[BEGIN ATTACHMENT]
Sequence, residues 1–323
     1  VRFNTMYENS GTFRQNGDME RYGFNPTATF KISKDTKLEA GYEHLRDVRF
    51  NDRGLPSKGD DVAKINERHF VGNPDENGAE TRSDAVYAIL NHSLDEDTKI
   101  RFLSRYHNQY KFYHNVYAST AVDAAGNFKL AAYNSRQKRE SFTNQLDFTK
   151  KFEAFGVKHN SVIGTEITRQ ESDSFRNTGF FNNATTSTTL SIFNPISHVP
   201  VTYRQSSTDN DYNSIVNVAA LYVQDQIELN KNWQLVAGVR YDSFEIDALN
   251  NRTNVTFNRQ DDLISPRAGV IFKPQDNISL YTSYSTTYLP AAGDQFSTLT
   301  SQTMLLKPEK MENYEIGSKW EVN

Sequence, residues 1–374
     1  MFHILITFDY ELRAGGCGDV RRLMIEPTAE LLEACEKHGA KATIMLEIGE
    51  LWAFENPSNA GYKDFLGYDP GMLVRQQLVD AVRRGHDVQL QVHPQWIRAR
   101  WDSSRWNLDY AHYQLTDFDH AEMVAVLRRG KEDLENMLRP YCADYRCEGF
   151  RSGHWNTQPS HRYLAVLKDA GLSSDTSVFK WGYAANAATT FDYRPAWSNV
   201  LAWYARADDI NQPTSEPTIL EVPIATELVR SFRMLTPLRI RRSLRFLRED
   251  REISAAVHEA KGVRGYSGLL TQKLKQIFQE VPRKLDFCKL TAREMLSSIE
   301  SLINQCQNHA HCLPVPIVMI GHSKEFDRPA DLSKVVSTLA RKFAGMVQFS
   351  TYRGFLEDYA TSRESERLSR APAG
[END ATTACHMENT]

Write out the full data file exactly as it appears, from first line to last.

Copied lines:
Sequence, residues 1–323
     1  VRFNTMYENS GTFRQNGDME RYGFNPTATF KISKDTKLEA GYEHLRDVRF
    51  NDRGLPSKGD DVAKINERHF VGNPDENGAE TRSDAVYAIL NHSLDEDTKI
   101  RFLSRYHNQY KFYHNVYAST AVDAAGNFKL AAYNSRQKRE SFTNQLDFTK
   151  KFEAFGVKHN SVIGTEITRQ ESDSFRNTGF FNNATTSTTL SIFNPISHVP
   201  VTYRQSSTDN DYNSIVNVAA LYVQDQIELN KNWQLVAGVR YDSFEIDALN
   251  NRTNVTFNRQ DDLISPRAGV IFKPQDNISL YTSYSTTYLP AAGDQFSTLT
   301  SQTMLLKPEK MENYEIGSKW EVN

Sequence, residues 1–374
     1  MFHILITFDY ELRAGGCGDV RRLMIEPTAE LLEACEKHGA KATIMLEIGE
    51  LWAFENPSNA GYKDFLGYDP GMLVRQQLVD AVRRGHDVQL QVHPQWIRAR
   101  WDSSRWNLDY AHYQLTDFDH AEMVAVLRRG KEDLENMLRP YCADYRCEGF
   151  RSGHWNTQPS HRYLAVLKDA GLSSDTSVFK WGYAANAATT FDYRPAWSNV
   201  LAWYARADDI NQPTSEPTIL EVPIATELVR SFRMLTPLRI RRSLRFLRED
   251  REISAAVHEA KGVRGYSGLL TQKLKQIFQE VPRKLDFCKL TAREMLSSIE
   301  SLINQCQNHA HCLPVPIVMI GHSKEFDRPA DLSKVVSTLA RKFAGMVQFS
   351  TYRGFLEDYA TSRESERLSR APAG